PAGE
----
Stakeholders at the SBI Media workshop held in Lagos have declared that blockchain technology could bring monumental shifts to the media industry.
They disclosed this at the third edition of the workshop held in Lagos, recently.
Convener, SBI Media Workshop, Rotimi Bankole, identified blockchain technology as a potential gamechanger, and is keen on training young individuals in the industry to leverage blockchain to build profitable careers and businesses in media.
In his session titled ‘Blockchain Fundamentals: Why It Matters’, Opeyemi Awoyemi, founder of the job site Jobberman and the webhost Whogohost, laid the foundation for the rest of the program by defining blockchain as a tamper-resistant database for storing items of value, and within the context of money or records, it can be thought of as a ledger.
As an investor in at least five blockchain start-ups, Opeyemi expounded on the concept of blockchain. Across media and its expressions in entertainment and other sub-sectors, the issue of ownership and rights management over content remains one of the greatest in the industry. For centuries, it has been a challenge to effectively identify true ownership of content and materials, and this has often led to lawsuits and payment disputes. Blockchain can remove these issues, Awoyemi predicted.
According to Fisayo Fosudo, YouTuber and tech media entrepreneur, “You can’t claim what’s not yours, what’s yours can’t be claimed and your identity is unique to you and is validated.”
He said this during his session at the workshop where he affirmed that blockchain promises an effective way to track ownership and process payments easily. By using blockchain technology, Fisayo explained that intellectual property rights can be properly tracked, and digital rights management companies can access the full record of transactions made.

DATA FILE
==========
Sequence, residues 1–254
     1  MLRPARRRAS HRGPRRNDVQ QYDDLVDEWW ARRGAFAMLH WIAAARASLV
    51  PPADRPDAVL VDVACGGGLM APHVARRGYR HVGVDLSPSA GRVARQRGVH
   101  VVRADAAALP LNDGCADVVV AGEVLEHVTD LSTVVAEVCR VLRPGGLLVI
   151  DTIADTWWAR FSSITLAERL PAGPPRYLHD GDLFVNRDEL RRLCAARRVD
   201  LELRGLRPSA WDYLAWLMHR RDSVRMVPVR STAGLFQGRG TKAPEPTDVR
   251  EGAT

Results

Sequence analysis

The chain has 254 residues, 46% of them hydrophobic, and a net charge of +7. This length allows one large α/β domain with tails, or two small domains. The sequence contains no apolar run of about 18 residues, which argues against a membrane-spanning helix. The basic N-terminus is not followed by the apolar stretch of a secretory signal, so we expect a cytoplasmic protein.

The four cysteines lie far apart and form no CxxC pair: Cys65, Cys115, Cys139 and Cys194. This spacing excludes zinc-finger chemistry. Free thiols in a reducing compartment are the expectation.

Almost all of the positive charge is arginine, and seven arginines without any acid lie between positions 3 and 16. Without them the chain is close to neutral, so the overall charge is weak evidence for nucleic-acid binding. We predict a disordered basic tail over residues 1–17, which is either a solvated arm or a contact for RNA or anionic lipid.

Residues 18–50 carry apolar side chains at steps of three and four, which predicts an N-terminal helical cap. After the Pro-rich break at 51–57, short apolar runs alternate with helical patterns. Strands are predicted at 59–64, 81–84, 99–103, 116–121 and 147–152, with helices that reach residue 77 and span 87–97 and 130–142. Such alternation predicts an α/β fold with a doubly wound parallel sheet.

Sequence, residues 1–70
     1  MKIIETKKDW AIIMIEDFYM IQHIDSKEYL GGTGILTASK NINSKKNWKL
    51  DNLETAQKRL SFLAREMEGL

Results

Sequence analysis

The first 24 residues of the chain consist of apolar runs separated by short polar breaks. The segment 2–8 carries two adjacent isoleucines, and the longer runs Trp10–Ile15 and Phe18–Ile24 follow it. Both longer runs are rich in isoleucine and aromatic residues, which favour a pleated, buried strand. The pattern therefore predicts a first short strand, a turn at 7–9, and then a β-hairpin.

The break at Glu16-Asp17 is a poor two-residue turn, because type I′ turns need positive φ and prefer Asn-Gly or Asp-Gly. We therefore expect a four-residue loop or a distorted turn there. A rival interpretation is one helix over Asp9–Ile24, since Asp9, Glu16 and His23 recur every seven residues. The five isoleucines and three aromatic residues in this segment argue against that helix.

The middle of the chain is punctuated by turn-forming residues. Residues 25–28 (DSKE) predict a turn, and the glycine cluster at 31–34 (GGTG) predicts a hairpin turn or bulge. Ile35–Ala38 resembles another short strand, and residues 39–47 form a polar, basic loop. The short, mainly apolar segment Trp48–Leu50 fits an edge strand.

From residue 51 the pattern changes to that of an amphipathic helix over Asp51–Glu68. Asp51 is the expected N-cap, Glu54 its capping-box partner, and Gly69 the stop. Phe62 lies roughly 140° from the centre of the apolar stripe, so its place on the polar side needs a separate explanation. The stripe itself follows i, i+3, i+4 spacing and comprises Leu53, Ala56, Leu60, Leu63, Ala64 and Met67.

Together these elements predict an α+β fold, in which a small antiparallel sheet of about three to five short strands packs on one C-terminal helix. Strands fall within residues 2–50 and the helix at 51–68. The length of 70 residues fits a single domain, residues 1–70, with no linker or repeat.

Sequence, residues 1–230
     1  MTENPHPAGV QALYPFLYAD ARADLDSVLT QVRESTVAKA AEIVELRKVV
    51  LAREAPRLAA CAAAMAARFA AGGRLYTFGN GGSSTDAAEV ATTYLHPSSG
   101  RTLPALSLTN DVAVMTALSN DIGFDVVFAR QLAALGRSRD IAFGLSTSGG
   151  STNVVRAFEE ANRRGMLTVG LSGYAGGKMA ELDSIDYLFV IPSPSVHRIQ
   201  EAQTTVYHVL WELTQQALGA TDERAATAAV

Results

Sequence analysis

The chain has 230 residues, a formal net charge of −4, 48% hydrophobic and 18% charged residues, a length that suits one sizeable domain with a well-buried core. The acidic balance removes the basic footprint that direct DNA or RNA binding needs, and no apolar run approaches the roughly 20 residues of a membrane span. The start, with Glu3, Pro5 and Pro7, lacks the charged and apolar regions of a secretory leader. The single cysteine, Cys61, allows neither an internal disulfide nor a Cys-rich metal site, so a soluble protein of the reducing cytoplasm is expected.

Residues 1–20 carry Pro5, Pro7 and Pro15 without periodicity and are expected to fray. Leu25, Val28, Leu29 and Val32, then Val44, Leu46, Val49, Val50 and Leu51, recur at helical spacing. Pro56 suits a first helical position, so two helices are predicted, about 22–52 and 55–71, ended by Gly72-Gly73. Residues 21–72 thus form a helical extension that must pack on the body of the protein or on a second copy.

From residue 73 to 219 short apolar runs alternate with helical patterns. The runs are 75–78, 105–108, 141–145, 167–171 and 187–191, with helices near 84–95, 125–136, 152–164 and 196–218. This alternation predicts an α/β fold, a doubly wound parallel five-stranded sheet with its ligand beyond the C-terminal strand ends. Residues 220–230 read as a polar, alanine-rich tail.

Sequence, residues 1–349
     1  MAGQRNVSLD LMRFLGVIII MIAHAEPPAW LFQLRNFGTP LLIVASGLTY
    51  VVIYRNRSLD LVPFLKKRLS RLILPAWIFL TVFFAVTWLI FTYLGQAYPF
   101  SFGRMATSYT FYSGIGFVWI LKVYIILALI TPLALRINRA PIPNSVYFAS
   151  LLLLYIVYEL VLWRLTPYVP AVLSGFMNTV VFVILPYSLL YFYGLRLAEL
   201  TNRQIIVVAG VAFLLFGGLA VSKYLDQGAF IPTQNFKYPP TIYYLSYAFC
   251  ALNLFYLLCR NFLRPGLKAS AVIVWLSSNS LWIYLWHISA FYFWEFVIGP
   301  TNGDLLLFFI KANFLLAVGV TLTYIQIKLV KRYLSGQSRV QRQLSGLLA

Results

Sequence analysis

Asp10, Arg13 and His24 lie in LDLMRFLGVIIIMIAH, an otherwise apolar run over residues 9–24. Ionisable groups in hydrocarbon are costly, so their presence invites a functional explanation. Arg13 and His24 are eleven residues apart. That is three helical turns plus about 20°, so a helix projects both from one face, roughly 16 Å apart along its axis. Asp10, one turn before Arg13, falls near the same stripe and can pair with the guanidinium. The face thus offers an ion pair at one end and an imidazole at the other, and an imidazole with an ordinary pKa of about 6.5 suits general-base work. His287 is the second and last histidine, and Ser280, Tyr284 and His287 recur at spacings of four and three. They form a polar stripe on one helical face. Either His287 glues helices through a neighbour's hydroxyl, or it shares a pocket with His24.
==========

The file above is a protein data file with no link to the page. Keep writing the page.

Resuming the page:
Another SBI Media Workshop facilitator, Olubunmi Fabanwo who is the Affiliate Programme Manager for Binance Africa and founding partner at Ports Connect, identified other use cases for blockchain technology in media, including streamlined royalty payments, peer-to-peer sales and content distribution, usage-based billing models, and immutable ad metrics.
Many facilitators emphasized that there is no short supply of propositions for blockchain use cases in media, especially as the industry looks to address many limitations with innovative technological solutions.
According to them, in an industry where middlemen are often hindrances instead of enablers, shifting consumer habits, unequal distribution of profits and a myriad of inefficiencies, blockchain is being embraced as it promises disintermediation and the introduction of a more transparent ecosystem all across the value chain.
According to Bankole, “these use cases are easy gamechangers and can also facilitate the establishment of new career and business models that will allow the industry progress beyond the challenges that were discussed during the workshop. By offering innovative solutions around micropayments and automated settlements, use of immutable records of data shared between parties, the clarity that blockchain brings to previously ambiguous practices with metrics and results. There is finally something that can deliver a fair deal for all players while creating space for further innovations and progress.”
Olubunmi Fabanwo, expressed this point also when he said, “ultimately, effective use of blockchain could make the media space fairer and more equitable, while also introducing practical advances that change the way that we consume media”.